|Posted on Tuesday, April 05, 2005 - 01:01 pm: |
I'm posting this question for a friend of mine, who's having trouble getting to this board.
She had a story accepted for a publication in 2001. No publication date was mentioned. At the time, she was naive, and she signed a contract which didn't specify anything about a publication date. The contract also doesn't say that rights revert to her after a specific period of time. She queried by email in mid-2004, and by snail mail in late 2004. She got no response to either query. Ralan.com lists the market under "dead markets".
Is there anything she can do? Is the story gone forever?
I haven't been able to find an answer to this question anywhere.
|Posted on Tuesday, April 05, 2005 - 01:09 pm: |
Uh... she didn't send her only copy of the story, did she?
|Posted on Tuesday, April 05, 2005 - 01:28 pm: |
If she does have the story she should just resell it.
|Posted on Tuesday, April 05, 2005 - 01:42 pm: |
Sorry, I wasn't clear. She has the story. She's just worried that there might be a problem elsewhere because of the signed contract with the dead publication.
So it's okay to resell it? Is that because the market is listed as dead, or because so much time has passed, or because they didn't respond to her? Or some combination of those?
|Posted on Tuesday, April 05, 2005 - 05:11 pm: |
If there is an actual contact address, she might want to write a letter informing them that she is selling her story elsewhere as she has confirmed that the magazine (or whatever) is a dead market.
I don't know legal ramifications. She can certainly inform whoever she submits to the situation and see if they have a problem.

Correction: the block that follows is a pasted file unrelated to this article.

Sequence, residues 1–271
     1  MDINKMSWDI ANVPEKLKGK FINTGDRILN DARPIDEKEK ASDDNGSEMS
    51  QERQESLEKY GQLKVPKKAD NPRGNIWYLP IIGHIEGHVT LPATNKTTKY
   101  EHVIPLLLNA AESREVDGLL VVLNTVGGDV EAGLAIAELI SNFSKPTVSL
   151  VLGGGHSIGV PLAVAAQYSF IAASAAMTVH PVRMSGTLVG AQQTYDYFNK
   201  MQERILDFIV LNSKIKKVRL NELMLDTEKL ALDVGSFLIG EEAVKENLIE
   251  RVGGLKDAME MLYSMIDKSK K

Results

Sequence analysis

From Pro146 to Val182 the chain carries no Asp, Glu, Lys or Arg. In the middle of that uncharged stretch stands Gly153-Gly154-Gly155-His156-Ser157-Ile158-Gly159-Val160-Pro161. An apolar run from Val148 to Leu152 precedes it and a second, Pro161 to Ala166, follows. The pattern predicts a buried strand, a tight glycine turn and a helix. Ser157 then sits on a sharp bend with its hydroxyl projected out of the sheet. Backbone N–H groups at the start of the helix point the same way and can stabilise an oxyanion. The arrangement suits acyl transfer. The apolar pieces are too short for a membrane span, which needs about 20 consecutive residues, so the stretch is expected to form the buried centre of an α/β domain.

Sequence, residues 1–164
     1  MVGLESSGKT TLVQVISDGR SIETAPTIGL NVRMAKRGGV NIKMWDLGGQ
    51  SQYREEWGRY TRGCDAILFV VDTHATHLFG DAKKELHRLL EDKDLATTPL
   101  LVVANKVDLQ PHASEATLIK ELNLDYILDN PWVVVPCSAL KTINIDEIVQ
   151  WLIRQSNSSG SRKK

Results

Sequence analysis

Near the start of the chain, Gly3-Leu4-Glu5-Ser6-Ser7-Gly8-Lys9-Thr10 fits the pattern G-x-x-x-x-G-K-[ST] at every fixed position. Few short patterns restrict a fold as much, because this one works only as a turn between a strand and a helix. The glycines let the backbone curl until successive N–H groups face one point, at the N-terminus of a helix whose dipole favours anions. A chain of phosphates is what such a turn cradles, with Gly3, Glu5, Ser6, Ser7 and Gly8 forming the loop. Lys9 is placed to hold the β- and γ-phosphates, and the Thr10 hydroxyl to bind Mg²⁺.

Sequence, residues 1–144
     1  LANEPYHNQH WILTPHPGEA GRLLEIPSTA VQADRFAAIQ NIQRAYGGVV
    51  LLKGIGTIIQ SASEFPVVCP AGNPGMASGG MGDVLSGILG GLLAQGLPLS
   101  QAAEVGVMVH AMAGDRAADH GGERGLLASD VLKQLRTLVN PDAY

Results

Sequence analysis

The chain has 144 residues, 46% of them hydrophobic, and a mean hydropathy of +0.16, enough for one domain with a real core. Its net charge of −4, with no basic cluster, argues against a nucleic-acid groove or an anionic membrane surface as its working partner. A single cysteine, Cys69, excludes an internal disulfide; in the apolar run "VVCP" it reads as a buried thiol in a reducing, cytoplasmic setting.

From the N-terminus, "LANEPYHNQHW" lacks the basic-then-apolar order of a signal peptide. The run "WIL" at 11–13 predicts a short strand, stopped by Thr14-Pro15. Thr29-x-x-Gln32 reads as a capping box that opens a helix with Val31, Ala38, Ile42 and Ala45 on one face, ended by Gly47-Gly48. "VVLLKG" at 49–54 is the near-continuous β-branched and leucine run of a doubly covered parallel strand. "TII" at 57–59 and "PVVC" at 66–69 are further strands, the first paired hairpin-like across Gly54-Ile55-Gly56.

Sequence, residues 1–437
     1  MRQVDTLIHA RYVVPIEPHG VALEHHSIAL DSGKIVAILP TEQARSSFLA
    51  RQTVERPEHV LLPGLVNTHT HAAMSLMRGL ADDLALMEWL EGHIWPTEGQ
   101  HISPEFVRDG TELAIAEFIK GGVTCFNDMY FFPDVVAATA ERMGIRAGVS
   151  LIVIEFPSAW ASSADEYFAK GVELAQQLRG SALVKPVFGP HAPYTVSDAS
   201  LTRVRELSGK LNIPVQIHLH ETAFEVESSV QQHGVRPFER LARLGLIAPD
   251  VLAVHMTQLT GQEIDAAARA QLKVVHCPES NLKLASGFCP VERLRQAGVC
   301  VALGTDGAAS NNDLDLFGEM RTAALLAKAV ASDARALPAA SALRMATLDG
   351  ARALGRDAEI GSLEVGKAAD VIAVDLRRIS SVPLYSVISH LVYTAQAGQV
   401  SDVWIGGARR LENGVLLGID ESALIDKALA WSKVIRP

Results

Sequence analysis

But I really can't see these people coming after her. If they're a dead market it doesn't sound like they'd have resources to sue,even if they have a leg to stand on, which they don't.
This is not a legal opinion. This is a personal opinion.
|Posted on Tuesday, April 05, 2005 - 06:01 pm: |
Does she have a copy of the contract?
|Posted on Tuesday, April 05, 2005 - 06:56 pm: |
I'll ask her if she has a contract. I believe she does.
I understand if people can't give a legal opinion, but personal opinions are still very helpful here. Particularly from people with more knowledge of publishing than I have.
My thought was to tell her to send a certified letter to the market, keeping a copy for herself--with a note such as Ellen described. It sounds like as long as she explains the situation in her cover letter to other markets, she could try to resell it? I was worried that no editor would want to look at it, if there was the slightest doubt about rights.
|Posted on Wednesday, April 06, 2005 - 06:59 am: |
It's happened to me umpteen times. You send a letter telling them that after a certain date you're submitting elsewhere, unless you hear from them before that date, and outline the reasons they appear to be a dead market (lack of contact, etc.) Send it certified if you're feeling extra cautious, although I've only done that once. Highly, highly unlikely they'll do anything even if they object, and with a contract that vague they may have trouble defending it anyway. My opinion at least. This happens so frequently that if you consulted a lawyer each time you'd go broke.
|Posted on Wednesday, April 06, 2005 - 08:44 am: |
She says that she has a contract which only states she cannot sell the story elsewhere until this market prints it, and that she'll be paid on publication. As she says--she shouldn't have signed it, but now she knows better.
Thank you all for the advice! I will forward this thread to her later today. I know she appreciates the help (and I was glad to learn some things from this discussion too).